Glenn Wexler is an artist living in Chicago, Illinois. His current show Illumination Unfolded: Works of the Urban Landscape is hanging at Zolla/Lieberman Gallery in Chicago until February 10. Check out more of his work at his website.
“The artworks and installation presented at my current exhibition at the Zolla/Lieberman Gallery in Chicago were created from photographs shot along my path through various metropolitans and represents a portion of my ongoing study of the urban setting. As part of my practice, I document a variety of subjects within a city landscape, including many sources of illumination. The circular acrylic panels, the Lights Unfolded Series, feature manipulated nighttime stills of distant lights in motion and are meant to draw parallels between photography, painting, and design. In this body of work, my intentions are to evoke seduction, mystery, and examine the allure of light and the uncertainty it sometimes presents. For me, the glowing layered photographic images tell an ever-unfolding story of life against the backdrop of an evolving city.”
For me, the glowing layered photographic images tell an ever-unfolding story of life against the backdrop of an evolving city
“While in transit through a metropolis I often find myself drawn to odd intersections of relatively nondescript clusters of buildings, usually around small plazas, streets, and alleyways. I consider these isolated microcosms as forums for exploration and choose to document them as part of my urban study. I also feel a sense of optimism in these environments; I see them as places for contemplation and transformation. In the Tree Series, this outlook is demonstrated by the use of the chrome silver outline surrounding the image of the dead tree placed in each photograph. The almost floating outline, a converted drawing, suggests that this seemingly lifeless tree can yet survive and blossom into full maturity. The reflections in the mirrored application create a constant changing narrative relating to the background, foreground, and viewer of each composition. The semi-artificial depictions comment on the constant progression or altering of the urban architectural landscape and how nature, culture, and society find its place within it.”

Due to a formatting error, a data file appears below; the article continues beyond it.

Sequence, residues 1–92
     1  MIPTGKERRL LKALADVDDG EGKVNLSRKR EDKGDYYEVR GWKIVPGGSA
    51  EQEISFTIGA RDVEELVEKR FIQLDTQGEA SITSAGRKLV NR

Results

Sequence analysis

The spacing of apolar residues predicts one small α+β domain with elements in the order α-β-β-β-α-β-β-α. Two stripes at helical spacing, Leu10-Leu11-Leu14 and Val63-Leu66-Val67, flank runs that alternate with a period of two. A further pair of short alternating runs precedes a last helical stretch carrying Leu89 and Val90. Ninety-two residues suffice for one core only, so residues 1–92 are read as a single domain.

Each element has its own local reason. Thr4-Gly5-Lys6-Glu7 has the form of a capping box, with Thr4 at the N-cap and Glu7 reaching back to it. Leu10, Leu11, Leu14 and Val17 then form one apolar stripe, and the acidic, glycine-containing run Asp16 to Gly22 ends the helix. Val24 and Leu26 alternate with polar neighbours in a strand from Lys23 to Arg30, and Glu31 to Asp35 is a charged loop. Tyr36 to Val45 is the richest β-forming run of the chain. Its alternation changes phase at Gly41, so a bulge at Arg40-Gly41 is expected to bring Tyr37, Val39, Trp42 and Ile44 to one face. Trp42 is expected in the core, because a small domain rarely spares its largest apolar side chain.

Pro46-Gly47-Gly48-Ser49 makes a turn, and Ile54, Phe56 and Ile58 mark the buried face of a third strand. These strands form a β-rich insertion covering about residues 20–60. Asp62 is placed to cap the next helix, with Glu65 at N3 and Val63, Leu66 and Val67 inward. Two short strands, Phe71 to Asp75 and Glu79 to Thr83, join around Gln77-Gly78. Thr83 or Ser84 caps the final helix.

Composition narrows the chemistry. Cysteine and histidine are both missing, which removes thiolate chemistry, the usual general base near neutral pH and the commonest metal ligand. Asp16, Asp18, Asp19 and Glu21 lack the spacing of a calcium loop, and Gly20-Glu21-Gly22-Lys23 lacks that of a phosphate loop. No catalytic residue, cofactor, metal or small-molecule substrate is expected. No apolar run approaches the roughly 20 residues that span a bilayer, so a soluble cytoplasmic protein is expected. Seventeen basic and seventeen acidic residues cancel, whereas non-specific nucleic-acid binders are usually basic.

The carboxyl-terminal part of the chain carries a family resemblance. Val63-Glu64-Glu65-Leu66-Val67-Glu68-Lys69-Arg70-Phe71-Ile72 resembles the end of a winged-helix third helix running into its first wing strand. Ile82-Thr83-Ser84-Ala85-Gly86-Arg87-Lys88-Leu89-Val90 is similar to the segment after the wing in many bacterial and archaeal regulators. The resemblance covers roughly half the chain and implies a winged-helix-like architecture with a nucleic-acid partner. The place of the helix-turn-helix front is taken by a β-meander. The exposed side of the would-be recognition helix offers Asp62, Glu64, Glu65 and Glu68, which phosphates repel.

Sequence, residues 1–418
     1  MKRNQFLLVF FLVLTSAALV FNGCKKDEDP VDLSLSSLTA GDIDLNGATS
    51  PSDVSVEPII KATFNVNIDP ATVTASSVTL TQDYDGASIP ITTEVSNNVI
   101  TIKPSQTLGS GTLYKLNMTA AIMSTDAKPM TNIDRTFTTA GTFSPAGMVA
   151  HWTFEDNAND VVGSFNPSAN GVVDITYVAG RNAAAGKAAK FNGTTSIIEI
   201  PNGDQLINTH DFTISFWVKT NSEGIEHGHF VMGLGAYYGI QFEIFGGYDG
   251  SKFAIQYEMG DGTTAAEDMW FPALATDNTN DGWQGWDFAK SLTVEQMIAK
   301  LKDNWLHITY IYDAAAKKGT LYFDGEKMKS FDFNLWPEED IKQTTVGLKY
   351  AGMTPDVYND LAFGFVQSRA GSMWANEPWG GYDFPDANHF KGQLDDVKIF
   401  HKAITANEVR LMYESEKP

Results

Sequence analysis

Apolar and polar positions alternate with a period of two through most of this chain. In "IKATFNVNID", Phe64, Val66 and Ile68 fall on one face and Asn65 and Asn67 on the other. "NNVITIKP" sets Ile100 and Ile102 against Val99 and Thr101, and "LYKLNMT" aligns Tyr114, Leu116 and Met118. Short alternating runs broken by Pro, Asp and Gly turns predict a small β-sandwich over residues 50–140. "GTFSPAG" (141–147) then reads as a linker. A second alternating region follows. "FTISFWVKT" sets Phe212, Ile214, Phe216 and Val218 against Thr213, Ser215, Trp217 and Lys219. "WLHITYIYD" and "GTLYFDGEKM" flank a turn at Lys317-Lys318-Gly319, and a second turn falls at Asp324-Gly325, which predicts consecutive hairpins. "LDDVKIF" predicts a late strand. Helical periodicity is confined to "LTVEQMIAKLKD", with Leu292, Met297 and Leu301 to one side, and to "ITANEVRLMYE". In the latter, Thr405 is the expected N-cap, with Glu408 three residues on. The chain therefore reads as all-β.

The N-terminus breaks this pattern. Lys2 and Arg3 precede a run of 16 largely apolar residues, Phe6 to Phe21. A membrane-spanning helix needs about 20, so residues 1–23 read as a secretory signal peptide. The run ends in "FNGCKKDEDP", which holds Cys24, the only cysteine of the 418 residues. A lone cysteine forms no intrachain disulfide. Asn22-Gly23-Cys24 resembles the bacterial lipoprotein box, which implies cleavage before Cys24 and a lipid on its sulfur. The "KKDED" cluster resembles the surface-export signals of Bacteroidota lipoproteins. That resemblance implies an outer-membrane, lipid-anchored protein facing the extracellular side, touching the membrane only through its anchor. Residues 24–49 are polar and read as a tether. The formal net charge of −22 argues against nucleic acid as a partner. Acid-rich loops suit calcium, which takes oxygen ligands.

The almost floating outline, a converted drawing, suggests that this seemingly lifeless tree can yet survive and blossom into full maturity
“The printed vinyl media wall installation, Transformer, presents a repeated photograph of a decayed building, shot on Chicago’s near west side, superimposed over a bursting image of colored illumination. This installation attempts to peer into the past and potential future of the inner-city site and continues much of the same thought process used to create many of my works.”